As we’ve discussed on this blog before, there has been a lot of talk lately about the fact that the number of people receiving Social Security disability benefits in the U.S. has been rising rapidly — and that rise appears to track with the unemployment rate, at least during the Great Recession. That interesting observation has led some people to conclude that many people who could work if jobs were readily available are instead choosing to use the Social Security disability system as a form of welfare. That makes people wonder whether we shouldn’t limit SSDI and SSI benefits.
Another expert has recently come forward to dispute those conclusions. The president of the National Organization of Social Security Claimant’s Representatives, a nationwide research and advocacy group, just wrote an editorial for the Cleveland Plain Dealer to point out the logical flaws.
Social Security disability beneficiaries are our neighbors, she reminds us, “trying to avoid abject poverty and homelessness while living with a severe impairment. They are determined, responsible Americans who do not choose to be disabled and would not like to be living in these financial conditions.”
A key point she brings forward is that the Social Security Administration, NOSSCR and other SSD experts have known for years that the rate of claims would rise dramatically this decade. Although the unemployment rate does play a role in disability claims because job scarcity disproportionately affects people with disabilities, it’s not the Great Recession causing the increase. It’s mostly simple demographics.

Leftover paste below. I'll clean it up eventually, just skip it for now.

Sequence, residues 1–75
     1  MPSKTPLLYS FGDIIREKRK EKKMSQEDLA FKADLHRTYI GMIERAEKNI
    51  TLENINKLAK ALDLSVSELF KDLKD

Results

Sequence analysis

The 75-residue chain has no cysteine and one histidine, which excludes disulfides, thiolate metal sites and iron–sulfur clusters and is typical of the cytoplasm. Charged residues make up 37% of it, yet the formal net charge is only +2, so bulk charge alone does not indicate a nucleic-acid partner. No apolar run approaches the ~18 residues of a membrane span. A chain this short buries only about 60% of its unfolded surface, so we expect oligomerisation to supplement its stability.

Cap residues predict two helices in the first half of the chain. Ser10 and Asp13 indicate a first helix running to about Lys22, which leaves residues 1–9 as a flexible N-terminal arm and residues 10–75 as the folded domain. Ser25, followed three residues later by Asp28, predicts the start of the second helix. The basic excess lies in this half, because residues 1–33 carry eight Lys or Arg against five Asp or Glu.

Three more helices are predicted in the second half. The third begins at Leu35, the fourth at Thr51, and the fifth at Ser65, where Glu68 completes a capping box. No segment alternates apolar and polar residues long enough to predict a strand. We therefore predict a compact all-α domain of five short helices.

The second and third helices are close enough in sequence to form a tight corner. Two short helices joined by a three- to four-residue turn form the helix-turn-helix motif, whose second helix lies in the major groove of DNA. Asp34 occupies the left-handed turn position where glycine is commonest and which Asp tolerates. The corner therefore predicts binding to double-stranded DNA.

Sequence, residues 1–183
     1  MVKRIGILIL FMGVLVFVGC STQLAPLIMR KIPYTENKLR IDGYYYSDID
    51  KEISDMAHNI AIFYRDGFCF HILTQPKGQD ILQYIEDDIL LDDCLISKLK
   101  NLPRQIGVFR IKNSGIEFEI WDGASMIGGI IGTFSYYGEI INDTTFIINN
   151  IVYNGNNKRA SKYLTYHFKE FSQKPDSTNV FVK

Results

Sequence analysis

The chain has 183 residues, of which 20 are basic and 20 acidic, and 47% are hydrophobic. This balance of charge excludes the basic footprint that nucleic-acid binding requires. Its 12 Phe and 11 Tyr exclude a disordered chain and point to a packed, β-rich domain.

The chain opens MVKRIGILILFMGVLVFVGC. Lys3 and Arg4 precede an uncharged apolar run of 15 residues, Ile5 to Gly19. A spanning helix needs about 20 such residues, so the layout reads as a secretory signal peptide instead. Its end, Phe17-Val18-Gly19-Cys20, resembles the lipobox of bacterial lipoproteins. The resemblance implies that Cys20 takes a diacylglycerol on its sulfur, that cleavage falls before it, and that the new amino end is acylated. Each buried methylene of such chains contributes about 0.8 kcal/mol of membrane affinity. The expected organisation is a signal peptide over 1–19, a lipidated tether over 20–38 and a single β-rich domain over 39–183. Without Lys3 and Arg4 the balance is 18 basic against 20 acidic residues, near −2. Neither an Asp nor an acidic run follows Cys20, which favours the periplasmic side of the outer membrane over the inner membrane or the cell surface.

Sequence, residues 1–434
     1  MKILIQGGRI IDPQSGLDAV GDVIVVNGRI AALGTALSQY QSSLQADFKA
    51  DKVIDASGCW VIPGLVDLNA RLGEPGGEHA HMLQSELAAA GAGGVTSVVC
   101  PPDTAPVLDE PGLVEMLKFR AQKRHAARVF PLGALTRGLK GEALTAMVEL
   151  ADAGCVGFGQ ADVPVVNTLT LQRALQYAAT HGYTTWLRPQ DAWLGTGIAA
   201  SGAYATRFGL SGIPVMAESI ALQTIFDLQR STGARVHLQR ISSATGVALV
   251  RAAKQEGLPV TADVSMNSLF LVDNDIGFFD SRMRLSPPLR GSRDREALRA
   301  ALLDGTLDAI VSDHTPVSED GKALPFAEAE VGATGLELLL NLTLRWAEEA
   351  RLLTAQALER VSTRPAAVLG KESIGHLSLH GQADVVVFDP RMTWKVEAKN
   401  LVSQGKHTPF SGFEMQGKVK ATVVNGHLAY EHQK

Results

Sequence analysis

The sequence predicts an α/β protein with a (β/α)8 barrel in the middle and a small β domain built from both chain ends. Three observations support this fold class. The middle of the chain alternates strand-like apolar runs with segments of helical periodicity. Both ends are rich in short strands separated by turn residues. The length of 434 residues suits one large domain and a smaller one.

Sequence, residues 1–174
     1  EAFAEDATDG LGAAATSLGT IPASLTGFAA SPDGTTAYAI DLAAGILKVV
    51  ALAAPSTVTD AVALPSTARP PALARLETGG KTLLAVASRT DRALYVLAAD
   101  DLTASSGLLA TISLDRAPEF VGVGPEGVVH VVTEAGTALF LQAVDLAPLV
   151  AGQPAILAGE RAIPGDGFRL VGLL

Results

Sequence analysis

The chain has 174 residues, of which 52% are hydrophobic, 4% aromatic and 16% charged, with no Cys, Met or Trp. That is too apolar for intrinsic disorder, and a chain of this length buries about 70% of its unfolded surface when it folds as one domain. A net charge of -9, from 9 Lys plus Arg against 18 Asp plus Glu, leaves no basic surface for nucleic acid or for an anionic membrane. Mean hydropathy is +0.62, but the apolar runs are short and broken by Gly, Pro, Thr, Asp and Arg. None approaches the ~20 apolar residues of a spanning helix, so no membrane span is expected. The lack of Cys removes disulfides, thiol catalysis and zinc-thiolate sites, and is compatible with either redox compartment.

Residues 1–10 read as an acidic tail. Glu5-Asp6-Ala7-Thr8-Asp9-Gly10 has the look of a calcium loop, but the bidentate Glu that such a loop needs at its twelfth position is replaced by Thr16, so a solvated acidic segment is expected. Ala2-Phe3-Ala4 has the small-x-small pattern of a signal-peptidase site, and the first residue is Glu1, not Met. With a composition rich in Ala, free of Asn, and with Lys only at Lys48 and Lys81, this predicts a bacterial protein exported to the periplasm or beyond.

Here are some crucial facts:
- Social Security Disability Insurance is not welfare. Workers pay into the insurance fund through FICA — the Federal Insurance Contributions Act.
- The main factors driving up SSDI claims are the aging workforce and the addition of women to the workforce. Aging people are significantly more likely to become disabled, and women who worked at home weren’t eligible for SSDI because they hadn’t paid into FICA.
- To qualify for Social Security disability, you have to prove, through medical evidence in a complex review process, that you will be completely disabled from work for at least a year.
- Fewer than 45 percent of those who apply ever receive benefits.
- The average annual SSDI benefit is only about $13,000, barely more than the federal poverty rate.
While acknowledging the Social Security trust fund is in trouble, she urges us to change the conversation. “A discussion of the problem without similar time spent on discussing possible solutions only creates an unnecessary sense of fear and foreboding in the American people,” she says.
Source: Cleveland Plain Dealer, “Social Security Disability Insurance benefits our neighbors: Debra Shifrin,” Debra Shifrin, president, National Organization of Social Security Claimants’ Representatives, April 27, 2013